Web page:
Sugar-coating a complex problem

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In one month, it will become increasingly difficult to find a sugar-sweetened beverage in any city-owned building in Boston. And in the meantime, to prime residents for this phase-out ordered by Mayor Thomas M. Menino, a $1 million federally funded campaign will urge them to reduce their consumption of these beverages. The city-wide media campaign is funded by the U.S. Department of Health and Human Services and targets sugar-sweetened beverages in an effort to combat rising obesity rates and, subsequently, higher health care costs.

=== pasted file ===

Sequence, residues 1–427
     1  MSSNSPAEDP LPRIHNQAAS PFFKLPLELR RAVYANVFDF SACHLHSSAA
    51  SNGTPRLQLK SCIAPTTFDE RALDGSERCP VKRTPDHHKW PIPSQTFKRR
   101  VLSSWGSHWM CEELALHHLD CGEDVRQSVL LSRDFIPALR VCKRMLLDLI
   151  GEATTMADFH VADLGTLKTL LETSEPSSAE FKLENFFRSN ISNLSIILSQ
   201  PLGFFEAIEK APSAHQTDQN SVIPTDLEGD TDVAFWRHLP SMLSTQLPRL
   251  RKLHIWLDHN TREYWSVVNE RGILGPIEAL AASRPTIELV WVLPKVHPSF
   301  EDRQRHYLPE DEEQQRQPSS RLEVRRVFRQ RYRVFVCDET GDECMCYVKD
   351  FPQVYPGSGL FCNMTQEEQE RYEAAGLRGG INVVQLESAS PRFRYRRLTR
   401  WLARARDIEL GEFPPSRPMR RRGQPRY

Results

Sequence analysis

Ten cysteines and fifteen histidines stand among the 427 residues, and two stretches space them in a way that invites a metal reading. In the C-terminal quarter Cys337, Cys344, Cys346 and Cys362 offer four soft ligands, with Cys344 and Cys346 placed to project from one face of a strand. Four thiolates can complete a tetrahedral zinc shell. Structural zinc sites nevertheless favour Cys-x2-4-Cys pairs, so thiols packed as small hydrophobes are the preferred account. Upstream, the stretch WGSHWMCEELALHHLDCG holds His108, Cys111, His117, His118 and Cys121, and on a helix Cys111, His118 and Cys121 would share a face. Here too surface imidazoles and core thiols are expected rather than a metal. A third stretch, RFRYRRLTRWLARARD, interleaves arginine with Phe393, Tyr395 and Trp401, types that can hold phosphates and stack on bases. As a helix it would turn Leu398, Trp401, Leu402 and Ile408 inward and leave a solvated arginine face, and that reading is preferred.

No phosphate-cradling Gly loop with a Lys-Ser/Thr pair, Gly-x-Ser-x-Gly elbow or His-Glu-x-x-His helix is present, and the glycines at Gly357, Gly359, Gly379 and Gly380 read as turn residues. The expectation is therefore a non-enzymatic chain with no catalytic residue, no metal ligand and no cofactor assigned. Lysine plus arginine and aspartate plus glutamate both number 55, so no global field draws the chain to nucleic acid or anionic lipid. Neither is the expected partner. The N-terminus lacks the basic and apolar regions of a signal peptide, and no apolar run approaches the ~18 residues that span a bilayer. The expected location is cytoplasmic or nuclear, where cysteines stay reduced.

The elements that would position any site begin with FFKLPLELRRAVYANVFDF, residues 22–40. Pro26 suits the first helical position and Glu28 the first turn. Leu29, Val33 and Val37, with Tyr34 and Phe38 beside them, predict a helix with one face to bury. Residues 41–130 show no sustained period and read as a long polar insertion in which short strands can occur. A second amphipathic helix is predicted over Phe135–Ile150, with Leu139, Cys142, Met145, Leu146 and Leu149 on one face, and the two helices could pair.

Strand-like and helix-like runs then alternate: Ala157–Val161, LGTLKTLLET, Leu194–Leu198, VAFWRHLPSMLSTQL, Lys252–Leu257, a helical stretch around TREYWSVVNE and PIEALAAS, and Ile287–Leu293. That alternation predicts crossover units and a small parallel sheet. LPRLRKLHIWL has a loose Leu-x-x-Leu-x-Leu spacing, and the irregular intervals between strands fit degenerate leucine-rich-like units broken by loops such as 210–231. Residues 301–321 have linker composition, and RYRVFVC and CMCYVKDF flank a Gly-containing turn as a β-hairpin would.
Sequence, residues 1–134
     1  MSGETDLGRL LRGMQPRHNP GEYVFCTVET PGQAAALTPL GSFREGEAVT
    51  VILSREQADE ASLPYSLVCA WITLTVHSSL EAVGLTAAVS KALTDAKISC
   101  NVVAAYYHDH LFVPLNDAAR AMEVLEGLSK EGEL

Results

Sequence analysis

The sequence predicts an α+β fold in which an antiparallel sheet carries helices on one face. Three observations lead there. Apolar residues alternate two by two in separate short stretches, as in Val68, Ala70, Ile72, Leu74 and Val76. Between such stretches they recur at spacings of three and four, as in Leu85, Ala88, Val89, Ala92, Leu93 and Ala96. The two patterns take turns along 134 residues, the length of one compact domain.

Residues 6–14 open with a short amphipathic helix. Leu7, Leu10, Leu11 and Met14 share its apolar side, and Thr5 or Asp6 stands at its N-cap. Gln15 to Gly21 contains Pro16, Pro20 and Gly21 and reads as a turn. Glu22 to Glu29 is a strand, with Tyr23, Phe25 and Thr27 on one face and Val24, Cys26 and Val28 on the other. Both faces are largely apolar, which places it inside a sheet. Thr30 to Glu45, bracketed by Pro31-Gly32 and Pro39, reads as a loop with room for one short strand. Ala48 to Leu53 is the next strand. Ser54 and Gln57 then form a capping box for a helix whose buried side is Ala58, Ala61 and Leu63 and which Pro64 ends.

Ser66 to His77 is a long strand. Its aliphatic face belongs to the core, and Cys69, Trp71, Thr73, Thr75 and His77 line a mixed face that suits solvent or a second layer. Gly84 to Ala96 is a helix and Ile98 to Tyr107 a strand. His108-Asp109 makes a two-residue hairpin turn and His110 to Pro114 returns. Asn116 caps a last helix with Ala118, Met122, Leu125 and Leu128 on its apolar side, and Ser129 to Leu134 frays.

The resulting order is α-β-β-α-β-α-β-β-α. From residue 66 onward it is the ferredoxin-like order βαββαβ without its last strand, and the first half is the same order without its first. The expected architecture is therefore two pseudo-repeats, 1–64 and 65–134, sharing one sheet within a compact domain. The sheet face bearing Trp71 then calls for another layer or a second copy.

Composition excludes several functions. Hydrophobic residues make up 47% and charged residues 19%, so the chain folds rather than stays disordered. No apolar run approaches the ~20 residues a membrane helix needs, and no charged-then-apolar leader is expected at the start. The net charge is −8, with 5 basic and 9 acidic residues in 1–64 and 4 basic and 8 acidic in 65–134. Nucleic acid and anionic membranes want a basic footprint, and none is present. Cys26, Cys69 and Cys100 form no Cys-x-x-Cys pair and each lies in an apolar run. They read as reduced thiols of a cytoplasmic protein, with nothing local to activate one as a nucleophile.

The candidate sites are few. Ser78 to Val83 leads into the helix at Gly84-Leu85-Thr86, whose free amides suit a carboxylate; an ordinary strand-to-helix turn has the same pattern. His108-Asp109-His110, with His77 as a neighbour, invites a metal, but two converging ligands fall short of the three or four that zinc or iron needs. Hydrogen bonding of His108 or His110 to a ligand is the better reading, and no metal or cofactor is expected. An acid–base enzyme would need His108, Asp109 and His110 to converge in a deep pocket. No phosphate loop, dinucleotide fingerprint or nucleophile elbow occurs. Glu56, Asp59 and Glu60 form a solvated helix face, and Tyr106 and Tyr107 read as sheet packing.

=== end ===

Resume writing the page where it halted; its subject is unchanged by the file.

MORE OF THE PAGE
This campaign, aimed at scaring parents and teenagers about the dangers of sugary sodas, echoes a similar campaign orchestrated in New York two years ago by the Health Commissioner, Dr. Thomas Farley. That effort was roundly criticized for manipulating facts about the actual caloric content of sodas, and for being unnecessarily alarmist.

While ACSH s Dr. Elizabeth Whelan agrees that an excess of such beverages in anyone s diet amounts to too many calories, she points out that it s foolish to focus on just one element of people s diets, when it s evident that there are many factors contributing to obesity. She also notes that replacing sugar-sweetened beverages with fruit juice does nothing to lower the calorie count and, contrary to popular belief, provides little in the way of nutritional benefit. If people really must have their daily soda, she says, why not suggest they switch to sugar-free versions?